Apple Patches FaceTime Vulnerability in iOS, macOS Updates

Apple iOS and macOS users are strongly advised to update their devices as soon as possible with patches in the iOS 12.1.4 and the macOS Mojave 10.14.3 supplement updates, as Google warns of new zero-day vulnerabilities.

Apple Logo

More than a week after the first reports of a critical vulnerability in Apple's FaceTime messaging application surfaced, an official patch is now available. 

As it turns out, however, the FaceTime flaw was one of three different zero-day issues that attackers were actively exploiting in Apple's iOS mobile operating system. Apple released the iOS 12.1.4 update for its mobile device users on Feb. 7, patching a total of four issues, alongside the macOS Mojave 10.14.3 supplement update for Apple's laptop and desktop users, which provides three patches.

The FaceTime flaw, formally identified as CVE-2019-6223 and informally known as "FacePalm," enabled attackers to eavesdrop on other users' devices, even if they didn't pick up the call request.

"The initiator of a Group FaceTime call may be able to cause the recipient to answer," Apple warned in its advisory. "A logic issue existed in the handling of Group FaceTime calls. The issue was addressed with improved state management."

Also of note with the FaceTime CVE-2019-6223 advisory is that Apple acknowledged 14-year-old teenager Grant Thompson of Catalina Foothills High School I Tucson, Ariz., as one of two original reporters for the flaw, along with Daven Morris of  Arlington, Texas. Thompson discovered the issue at the end of 2018 and along with his mother repeatedly attempted to gain Apple's attention to address the flaw. It wasn't, however, until a media report on Jan. 28 about the flaw that Apple acknowledged there was an issue.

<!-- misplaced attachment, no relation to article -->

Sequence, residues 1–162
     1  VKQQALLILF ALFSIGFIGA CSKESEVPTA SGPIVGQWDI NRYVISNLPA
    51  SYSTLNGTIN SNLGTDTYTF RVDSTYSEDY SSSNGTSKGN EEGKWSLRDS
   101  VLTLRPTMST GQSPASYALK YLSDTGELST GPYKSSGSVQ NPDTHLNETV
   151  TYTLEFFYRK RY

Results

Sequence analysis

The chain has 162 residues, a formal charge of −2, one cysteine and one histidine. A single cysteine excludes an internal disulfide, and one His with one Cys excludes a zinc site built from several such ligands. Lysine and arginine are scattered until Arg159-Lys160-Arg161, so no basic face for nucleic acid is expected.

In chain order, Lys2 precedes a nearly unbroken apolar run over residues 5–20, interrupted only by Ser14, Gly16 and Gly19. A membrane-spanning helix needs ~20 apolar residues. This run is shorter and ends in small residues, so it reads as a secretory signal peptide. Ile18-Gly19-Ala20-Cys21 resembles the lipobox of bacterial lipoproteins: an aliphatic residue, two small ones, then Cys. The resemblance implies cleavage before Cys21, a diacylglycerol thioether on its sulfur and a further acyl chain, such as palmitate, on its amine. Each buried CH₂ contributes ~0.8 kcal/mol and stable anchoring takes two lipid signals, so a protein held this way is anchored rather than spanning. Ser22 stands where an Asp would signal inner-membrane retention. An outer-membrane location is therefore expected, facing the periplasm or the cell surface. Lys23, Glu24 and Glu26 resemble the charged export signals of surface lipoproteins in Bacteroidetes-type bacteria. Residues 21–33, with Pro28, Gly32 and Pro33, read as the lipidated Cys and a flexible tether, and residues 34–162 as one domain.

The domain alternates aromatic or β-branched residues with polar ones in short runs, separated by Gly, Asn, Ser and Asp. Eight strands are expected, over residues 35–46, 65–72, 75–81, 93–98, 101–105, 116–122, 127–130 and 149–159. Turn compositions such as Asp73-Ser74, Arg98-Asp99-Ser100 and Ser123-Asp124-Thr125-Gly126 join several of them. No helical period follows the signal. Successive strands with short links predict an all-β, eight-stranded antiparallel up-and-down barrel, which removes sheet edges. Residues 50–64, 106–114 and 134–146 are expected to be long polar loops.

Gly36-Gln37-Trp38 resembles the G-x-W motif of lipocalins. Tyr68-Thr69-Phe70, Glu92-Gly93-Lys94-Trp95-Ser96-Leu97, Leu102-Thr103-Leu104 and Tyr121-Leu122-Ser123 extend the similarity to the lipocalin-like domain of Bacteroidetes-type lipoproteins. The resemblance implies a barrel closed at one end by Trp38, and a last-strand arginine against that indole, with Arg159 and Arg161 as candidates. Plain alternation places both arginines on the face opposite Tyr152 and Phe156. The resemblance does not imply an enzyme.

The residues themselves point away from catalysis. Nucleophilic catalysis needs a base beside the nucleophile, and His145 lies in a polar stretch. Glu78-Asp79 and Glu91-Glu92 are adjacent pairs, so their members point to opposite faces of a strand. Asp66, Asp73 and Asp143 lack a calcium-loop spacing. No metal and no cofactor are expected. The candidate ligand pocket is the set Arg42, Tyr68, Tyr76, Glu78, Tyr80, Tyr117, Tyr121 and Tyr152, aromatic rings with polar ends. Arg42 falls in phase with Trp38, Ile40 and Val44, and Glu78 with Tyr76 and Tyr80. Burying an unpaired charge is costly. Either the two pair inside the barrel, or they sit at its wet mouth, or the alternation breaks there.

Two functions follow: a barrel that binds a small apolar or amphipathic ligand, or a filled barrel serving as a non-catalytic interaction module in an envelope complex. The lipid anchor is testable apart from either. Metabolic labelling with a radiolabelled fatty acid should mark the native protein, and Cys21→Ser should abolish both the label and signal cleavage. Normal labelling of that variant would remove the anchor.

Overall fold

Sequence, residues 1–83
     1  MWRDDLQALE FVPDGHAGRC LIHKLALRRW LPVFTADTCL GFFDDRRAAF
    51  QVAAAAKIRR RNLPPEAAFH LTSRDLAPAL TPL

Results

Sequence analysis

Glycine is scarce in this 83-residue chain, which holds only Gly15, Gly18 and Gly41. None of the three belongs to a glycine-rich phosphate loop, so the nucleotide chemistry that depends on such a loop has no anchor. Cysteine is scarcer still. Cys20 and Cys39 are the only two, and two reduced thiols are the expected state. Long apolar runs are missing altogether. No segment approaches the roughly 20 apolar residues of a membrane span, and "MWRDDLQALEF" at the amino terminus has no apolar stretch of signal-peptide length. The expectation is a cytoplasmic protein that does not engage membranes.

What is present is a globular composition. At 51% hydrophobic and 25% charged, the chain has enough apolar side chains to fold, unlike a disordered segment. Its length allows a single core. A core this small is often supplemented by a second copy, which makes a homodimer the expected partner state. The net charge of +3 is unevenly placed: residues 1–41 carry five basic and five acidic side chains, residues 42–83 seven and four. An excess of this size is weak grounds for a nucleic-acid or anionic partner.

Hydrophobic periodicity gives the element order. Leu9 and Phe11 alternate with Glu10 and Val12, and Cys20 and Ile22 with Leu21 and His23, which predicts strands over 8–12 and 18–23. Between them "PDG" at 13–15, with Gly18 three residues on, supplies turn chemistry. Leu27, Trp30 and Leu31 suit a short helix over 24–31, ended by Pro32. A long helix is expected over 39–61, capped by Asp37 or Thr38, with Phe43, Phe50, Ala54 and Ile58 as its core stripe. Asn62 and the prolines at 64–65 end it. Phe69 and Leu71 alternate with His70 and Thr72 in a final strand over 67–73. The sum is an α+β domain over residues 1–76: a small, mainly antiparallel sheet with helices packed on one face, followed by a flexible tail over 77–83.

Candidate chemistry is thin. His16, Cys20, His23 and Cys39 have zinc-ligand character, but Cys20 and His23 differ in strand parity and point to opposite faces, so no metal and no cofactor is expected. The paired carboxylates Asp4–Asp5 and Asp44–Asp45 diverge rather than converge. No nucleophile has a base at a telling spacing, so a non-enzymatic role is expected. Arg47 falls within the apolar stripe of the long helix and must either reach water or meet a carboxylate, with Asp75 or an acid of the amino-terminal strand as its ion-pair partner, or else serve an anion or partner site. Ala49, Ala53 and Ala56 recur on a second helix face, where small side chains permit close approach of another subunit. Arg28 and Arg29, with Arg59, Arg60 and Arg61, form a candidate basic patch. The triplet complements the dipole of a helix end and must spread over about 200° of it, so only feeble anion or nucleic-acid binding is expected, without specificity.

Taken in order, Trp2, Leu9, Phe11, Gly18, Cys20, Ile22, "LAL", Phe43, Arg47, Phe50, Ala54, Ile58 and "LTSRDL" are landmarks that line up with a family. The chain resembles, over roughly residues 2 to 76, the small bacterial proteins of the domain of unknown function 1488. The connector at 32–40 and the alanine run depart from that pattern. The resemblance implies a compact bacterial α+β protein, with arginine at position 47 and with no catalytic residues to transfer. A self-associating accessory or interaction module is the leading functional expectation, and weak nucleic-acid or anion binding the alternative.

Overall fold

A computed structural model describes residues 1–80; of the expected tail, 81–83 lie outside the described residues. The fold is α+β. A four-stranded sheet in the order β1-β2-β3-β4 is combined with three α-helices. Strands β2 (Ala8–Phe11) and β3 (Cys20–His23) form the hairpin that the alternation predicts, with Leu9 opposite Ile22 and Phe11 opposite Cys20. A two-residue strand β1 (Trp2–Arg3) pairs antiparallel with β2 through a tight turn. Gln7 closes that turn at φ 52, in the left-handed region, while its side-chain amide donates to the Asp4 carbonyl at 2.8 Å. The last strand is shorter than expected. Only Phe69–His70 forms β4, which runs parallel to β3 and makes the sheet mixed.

Google Project Zero

While a teenager was able to find a critical zero-day issue in Apple's technology, another pair of zero-day issues were reported via Google's Project Zero security research group.

"CVE-2019-7286 and CVE-2019-7287 in the iOS advisory today were exploited in the wild as 0Day," Ben Hawks, Google Project Zero lead, wrote in a Twitter message.

Neither Hawks, Google nor Apple has provided any public detail on where the exploitation of the zero-day flaws is occurring. Apple's advisory for CVE-2018-7286 identifies the issue as being in the Foundation component in both iOS and macOS. The Foundation is a framework that provides a base layer for other protocols and application libraries for Apple's operating system.

"An application may be able to gain elevated privileges," Apple warned in its advisory for CVE-2019-7286.

The CVE-2019-7287 zero-day issued discovered by Google Project Zero is in the IOKit component of iOS. IOKit enables applications to gain access to hardware devices and drivers.

"An application may be able to execute arbitrary code with kernel privileges," Apple warned in its advisory for CVE-2019-7287.

Both the CVE-2019-7286 and CVE-2019-7287 issues involve memory corruption flaws that Apple has now patched with improved input validation.

Live Photos in FaceTime

Beyond just the three zero-day flaws that were reported to Apple by different researchers, Apple itself also discovered a flaw that is being patched in both iOS and macOS that involved FaceTime.

"A thorough security audit of the FaceTime service uncovered an issue with Live Photos," the CVE-2019-7288 advisory states. "The issue was addressed with improved validation on the FaceTime server."

Sean Michael Kerner is a senior editor at eWEEK and Follow him on Twitter @TechJournalist.

Sean Michael Kerner

Sean Michael Kerner

Sean Michael Kerner is an Internet consultant, strategist, and contributor to several leading IT business web sites.